Sedans & Coupes

Is the Infiniti Q60 Red Sport an Affordable Substitute for a GT-R?

Comparing the Infiniti Q60 Red Sport coupe to the venerable Nissan GT-R might sound completely pointless considering one is a sporty and affordable coupe while the other is a bonafide supercar. But what if, like most of us, you can’t afford a Nissan GT-R? Then is the Q60 Red Sport a good substitute?

2021 Infiniti Q60 Red Sport 400

Infiniti’s lineup sure has dwindled over the years, but the good part about that is the Q60 is currently the only coupe body style in the automaker’s quiver, so there’s no mistaking it. If you’re not familiar with the Q60,  then you’ll be happy to know that it’s one of the only entry-level coupes on the market that comes standard with a potent twin-turbo V6 engine as opposed to a fuel-efficient four-cylinder.

2021 Infiniti Q60 Red Sport
2021 Infiniti Q60 Red Sport | Infiniti

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That’s right, it seems like Infiniti learned how to go straight for the throat when packing the Q60’s massive punch by outfitting it with 300 hp in standard form. The engine can only be mated to a seven-speed automatic transmission, however, it’s available in either rear or all-wheel-drive. But if you want more power, then you can step up to the Q60 Red Sport, which ups the ante by producing a whopping 400 hp and 350 lb-ft of torque. Additionally, the Q60 Red Sport is also equipped with adaptive dampers, adaptive steering, larger wheels, and stickier tires.

2021 Infiniti Q60 Red Sport
2021 Infiniti Q60 Red Sport | Infiniti

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How does the Q60 Red Sport compare to the Nissan GT-R?

While we can’t test the Q60 Red Sport and the Nissan GT-R in real life, we can at least look at the specs and compare. First of all, if you’ve been pining over a new GT-R, then good luck saving up over $100,000 to buy one. But if you’re more practical in your drool sessions, then you’re probably looking at a more-affordable GT-R from around 2009 to 2011.

2021 Infiniti Q60 Red Sport Interior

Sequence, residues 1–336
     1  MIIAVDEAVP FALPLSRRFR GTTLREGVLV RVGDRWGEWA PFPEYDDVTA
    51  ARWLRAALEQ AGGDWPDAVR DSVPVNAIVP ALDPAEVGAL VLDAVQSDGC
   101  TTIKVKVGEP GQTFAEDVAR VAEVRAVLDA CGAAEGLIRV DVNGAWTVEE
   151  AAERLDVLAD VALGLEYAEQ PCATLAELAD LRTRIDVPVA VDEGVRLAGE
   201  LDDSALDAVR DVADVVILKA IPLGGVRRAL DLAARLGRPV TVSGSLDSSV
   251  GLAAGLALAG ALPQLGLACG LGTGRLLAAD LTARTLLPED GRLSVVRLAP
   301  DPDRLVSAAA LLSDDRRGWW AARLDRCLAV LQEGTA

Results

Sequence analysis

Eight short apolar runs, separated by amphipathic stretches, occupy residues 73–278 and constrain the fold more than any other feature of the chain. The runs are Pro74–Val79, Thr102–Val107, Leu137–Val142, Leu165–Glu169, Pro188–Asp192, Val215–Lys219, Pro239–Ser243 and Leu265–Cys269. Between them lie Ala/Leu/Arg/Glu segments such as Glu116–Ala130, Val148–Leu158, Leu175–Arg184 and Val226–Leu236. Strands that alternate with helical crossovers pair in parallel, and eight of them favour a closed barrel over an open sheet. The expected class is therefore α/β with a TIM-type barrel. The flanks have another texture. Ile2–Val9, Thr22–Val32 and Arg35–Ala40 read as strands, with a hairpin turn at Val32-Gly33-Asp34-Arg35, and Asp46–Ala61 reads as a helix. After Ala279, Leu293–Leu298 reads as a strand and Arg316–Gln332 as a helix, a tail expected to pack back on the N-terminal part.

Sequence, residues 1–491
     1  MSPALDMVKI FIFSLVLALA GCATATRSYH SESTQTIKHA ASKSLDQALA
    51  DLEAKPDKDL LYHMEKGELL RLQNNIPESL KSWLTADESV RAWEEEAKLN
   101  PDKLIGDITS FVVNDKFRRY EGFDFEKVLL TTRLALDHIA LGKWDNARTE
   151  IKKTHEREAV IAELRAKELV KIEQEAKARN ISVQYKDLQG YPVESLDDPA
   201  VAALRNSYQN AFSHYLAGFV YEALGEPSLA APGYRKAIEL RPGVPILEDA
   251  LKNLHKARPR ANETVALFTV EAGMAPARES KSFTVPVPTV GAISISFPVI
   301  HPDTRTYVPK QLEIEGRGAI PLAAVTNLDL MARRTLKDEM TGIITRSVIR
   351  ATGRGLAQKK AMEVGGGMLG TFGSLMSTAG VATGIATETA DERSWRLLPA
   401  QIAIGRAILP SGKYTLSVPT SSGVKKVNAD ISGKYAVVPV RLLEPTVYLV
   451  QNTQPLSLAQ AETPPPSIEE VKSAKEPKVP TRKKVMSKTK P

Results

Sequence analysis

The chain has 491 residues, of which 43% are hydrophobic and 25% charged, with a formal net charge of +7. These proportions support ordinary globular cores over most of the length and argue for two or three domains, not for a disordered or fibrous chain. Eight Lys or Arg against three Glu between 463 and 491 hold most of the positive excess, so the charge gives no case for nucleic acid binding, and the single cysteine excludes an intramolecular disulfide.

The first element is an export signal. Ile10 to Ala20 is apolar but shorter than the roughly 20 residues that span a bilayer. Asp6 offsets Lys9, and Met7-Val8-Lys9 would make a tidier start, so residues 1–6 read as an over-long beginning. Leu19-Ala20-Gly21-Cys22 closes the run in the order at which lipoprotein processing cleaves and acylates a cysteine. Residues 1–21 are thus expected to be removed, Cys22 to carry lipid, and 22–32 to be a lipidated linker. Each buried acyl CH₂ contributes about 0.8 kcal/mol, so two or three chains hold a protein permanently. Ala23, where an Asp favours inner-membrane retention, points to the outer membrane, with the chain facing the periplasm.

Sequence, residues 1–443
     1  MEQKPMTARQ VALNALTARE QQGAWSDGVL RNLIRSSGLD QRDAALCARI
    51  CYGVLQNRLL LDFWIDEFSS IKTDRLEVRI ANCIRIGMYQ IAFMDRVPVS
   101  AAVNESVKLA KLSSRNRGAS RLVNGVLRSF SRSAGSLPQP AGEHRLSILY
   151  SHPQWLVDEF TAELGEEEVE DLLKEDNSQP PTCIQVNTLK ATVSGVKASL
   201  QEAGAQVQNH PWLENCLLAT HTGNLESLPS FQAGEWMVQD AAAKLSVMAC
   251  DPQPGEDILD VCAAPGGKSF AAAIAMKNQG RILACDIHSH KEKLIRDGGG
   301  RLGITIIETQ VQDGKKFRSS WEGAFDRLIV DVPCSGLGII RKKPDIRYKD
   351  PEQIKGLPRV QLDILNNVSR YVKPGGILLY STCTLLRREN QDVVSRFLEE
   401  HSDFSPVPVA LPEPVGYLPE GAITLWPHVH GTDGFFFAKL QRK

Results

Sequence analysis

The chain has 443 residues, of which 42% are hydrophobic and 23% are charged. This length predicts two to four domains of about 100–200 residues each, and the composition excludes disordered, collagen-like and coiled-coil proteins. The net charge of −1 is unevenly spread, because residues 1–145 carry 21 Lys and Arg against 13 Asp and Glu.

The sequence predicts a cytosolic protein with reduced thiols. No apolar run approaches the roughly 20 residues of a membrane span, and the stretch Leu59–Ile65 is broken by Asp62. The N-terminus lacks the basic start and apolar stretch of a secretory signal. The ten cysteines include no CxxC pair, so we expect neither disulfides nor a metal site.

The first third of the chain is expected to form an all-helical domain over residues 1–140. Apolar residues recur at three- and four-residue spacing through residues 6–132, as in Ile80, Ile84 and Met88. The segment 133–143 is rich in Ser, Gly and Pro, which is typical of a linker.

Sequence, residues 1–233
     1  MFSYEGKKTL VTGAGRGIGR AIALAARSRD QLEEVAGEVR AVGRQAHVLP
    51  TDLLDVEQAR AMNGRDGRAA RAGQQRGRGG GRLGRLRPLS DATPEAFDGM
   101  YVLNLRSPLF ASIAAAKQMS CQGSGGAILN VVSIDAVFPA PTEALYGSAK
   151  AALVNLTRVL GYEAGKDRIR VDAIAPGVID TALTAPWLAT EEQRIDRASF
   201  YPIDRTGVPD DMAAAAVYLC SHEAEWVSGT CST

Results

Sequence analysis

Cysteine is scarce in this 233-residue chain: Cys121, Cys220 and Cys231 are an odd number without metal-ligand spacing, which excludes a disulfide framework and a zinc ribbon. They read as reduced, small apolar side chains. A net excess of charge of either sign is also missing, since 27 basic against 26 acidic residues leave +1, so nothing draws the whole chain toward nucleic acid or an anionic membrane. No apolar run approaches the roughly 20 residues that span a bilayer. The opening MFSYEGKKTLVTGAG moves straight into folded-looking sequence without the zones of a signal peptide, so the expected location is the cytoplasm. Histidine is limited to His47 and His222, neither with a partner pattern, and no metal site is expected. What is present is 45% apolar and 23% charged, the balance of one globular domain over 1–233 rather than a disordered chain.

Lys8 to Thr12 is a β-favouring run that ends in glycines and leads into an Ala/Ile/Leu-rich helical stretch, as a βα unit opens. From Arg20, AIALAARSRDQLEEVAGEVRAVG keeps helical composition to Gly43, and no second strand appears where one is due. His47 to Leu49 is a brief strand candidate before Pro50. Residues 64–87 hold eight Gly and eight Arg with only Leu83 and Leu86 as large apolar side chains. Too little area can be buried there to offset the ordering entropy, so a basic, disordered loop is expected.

2021 Infiniti Q60 Red Sport Interior | Infiniti

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You can currently find a GT-R in that vintage for around $50,000 to $60,000 nationwide, which makes it comparable to the Q60 Red Sport’s $58,000 MSRP ($60,000 for the AWD model). Additionally, the 2009 GT-R was powered by a 3.8-liter, twin-turbo V6 that produced 480 hp and 430 lb-ft of torque that was routed to all four wheels via a six-speed dual-clutch transmission, which equated to 0 to 60 mph times under 3.5 seconds, according to KBB. The Q60 Red Sport, on the other hand, takes 4.5 seconds to cover the same distance, as tested by Car and Driver

2019 Nissan GT-R
2019 Nissan GT-R | Nissan

What does this mean?

What this means is that if you’re looking for the all-out power of a supercar at a bargain price, then there’s no beating a used Nissan GT-R. However, if you’re not willing to spend your top dollar that comes with the eventual maintenance and repairs of such a supercar, then the Q60 Red Sport is a pretty good substitute.

In addition to its quick acceleration, Car and Driver was also impressed with its “serene cabin”  and “athletic handling,” so it’s definitely no slouch. Couple that with the Infiniti’s 4-year/60,000-mile warranty and two years of complimentary maintenance for the Q60 Red Sport, and you probably won’t even be thinking about Nissan’s three-letter exotic car.